The pandemic has completely altered global supply chains and continues to be unpredictable. This has been especially tough on the cold chain due to rigorous traceability standards and perishable products, meaning that there is little-to-no room for error or delay. And, as we continue to experience many challenges that affect the overall functionality of our global supply chains, perhaps none has been more impactful than the countless supply shortages we’re still dealing with today. And, there’s seemingly no end in sight with food distributors recently warning schools and districts that they will likely run out of supply to meet the expected demand with students returning to the classroom this fall.
As troubles persist in procuring materials amidst supply and labor shortages, transportation issues and more, supply chain managers have had to substantially revamp their operations in order to compete in today’s challenging and dynamic landscape. The time for stopgaps is clearly over, and the future cold chain must be built to ensure a resilient, flexible foundation.
To be prepared when issues arise, many business leaders have turned to technology to help automate and make processes more efficient and traceable. They also must have channels in place to nearshore supply, so that when the unexpected does occur, they have access to product in another warehouse that can be shipped and guarantee orders are fulfilled.
Increased visibility with nearshoring
U.S. manufacturers have already begun witnessing the benefits of nearshoring with average operating costs being cut by 23% when shifting operations from China to Mexico. By bringing supply and warehouses closer to home – such as neighboring countries rather than overseas – organizations have been able to increase visibility and reduce risk for stakeholders and third parties so that shipments and individual products can be tracked on every step of the journey from start to finish.
While nearshoring is becoming increasingly necessary for business operations as the sustainability of global logistics remains uncertain, it also requires sophisticated software and technologies that will allow for collaboration and integration with third-party logistics (3PL) providers. Many organizations do not have the necessary resources to build out their own warehouses in different locations across the globe, so being able to work with a 3PL is particularly important for nearshoring efforts or even temporary pop-ups for a few months at a time if businesses need to reroute operations.
Cloud-native enterprise resource planning (ERP), warehouse management and inventory management systems will be essential for future success because they are highly flexible, easily adaptable as business needs shift and allow for businesses to scale quickly. For example, if a U.S.-based company is moving all operations from China to Mexico because of increased tariffs, cloud-based software helps enable a fast and seamless integration with a new partner.
Enhanced traceability and compliance
Modern technologies not only allow you to easily operate with third parties, but they also enable you to track goods as they move throughout the supply chain. Traceability is important in every sector operating within the supply chain, however it’s doubly important in the cold chain because businesses must comply with strict regulatory standards, or they may face costly fines and risk losing the ability to operate within certain markets.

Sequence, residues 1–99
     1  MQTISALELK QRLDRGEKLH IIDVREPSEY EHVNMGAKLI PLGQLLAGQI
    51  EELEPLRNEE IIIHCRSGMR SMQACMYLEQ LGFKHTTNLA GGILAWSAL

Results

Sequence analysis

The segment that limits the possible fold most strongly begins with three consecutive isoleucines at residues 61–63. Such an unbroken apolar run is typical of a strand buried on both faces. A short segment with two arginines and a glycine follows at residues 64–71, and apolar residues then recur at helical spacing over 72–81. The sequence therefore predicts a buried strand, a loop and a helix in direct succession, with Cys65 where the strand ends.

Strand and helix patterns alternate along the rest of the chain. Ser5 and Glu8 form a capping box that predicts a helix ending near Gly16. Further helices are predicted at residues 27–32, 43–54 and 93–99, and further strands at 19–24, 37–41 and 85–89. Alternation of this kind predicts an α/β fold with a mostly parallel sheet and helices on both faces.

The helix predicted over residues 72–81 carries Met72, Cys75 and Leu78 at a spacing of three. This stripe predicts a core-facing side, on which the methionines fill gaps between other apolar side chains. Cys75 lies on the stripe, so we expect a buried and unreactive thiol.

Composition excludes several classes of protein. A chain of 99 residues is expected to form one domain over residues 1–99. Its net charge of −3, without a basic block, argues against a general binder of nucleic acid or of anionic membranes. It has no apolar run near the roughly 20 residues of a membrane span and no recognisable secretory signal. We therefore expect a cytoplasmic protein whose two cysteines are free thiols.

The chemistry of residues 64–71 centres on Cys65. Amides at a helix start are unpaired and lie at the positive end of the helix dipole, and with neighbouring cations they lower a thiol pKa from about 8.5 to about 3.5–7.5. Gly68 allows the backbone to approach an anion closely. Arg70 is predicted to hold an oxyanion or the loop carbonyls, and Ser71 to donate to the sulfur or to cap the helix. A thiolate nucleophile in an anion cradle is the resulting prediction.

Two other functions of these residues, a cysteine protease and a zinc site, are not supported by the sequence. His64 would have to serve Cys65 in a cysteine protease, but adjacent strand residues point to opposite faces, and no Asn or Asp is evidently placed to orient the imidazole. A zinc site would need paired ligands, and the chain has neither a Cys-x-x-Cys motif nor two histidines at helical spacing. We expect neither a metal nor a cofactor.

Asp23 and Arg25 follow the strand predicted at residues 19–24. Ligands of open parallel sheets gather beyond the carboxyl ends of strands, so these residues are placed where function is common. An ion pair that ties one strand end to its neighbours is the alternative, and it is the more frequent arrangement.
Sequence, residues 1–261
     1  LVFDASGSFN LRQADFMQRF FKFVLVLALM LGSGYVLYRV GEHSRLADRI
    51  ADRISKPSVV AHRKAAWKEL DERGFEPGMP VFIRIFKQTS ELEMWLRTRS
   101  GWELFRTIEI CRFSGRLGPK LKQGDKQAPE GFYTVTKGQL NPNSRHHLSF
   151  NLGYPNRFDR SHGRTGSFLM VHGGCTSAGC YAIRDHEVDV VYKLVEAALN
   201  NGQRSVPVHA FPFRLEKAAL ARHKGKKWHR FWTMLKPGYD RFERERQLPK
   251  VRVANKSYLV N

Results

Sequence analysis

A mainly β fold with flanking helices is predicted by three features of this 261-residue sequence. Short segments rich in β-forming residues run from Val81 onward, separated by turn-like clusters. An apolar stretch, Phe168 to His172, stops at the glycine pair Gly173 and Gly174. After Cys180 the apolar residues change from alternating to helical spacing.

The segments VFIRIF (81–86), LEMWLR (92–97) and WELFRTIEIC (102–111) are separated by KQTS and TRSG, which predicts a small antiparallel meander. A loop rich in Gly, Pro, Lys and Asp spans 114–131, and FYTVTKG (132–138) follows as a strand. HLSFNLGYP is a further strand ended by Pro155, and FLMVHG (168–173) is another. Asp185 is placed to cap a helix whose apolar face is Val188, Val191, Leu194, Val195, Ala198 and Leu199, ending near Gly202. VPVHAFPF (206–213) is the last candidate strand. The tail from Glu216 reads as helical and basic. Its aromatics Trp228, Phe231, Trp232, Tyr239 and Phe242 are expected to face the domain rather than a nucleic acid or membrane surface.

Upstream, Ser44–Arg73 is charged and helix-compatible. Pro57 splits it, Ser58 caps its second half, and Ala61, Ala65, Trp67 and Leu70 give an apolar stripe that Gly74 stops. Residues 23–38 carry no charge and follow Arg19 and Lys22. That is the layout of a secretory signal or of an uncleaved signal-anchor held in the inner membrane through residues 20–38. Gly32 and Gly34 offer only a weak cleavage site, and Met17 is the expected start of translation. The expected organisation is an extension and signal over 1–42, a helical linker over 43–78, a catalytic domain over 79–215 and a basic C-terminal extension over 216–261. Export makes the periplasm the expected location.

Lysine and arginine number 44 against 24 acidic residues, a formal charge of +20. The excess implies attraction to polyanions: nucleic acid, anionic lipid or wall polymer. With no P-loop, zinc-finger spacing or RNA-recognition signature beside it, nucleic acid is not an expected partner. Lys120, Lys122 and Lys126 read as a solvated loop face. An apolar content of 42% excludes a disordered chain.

Utilizing cloud-based software ensures that all supply is accounted for and can be easily traced on every step of the way from Point A to Point Z, which leads to quality control, reduces waste, minimizes loss and allows businesses to guarantee they are in compliance with local regulations. For instance, if a food distributor learns of a recall of their products, they must be able to track down each and every product that came from a specific farm and alert customers of the compromised product. Only an integrated warehouse and inventory system is able to quickly identify which items need to be taken off the shelf or thrown away by consumers.
Supply chain resiliency
As we’ve learned – and continue to learn – throughout the course of the pandemic, our supply chains are extremely fragile and face mounting pressure with growing regulatory, public and consumer scrutiny. To encourage trust and dependability of your organizations’ preparedness to get product into customer hands – even during a shortage or unforeseen disruption – business leaders are taking steps today to strengthen and future-proof operations with continual investment in technology and automation. Forward thinking producers operating on cloud software have a large and growing advantage over their competitors depending on older technologies and legacy software.
While supply chain operations may have been an area that businesses could cut costs for in the past, consumer demand and expectations no longer withstand missing or delayed product availability, inferior quality of goods or the inability to trace where exactly their food or other items originated from. By investing in nearshoring and persistent innovation, we will ultimately experience a more seamless movement of goods across the globe and create a resilient infrastructure that cannot be so easily disrupted in the face of adversity.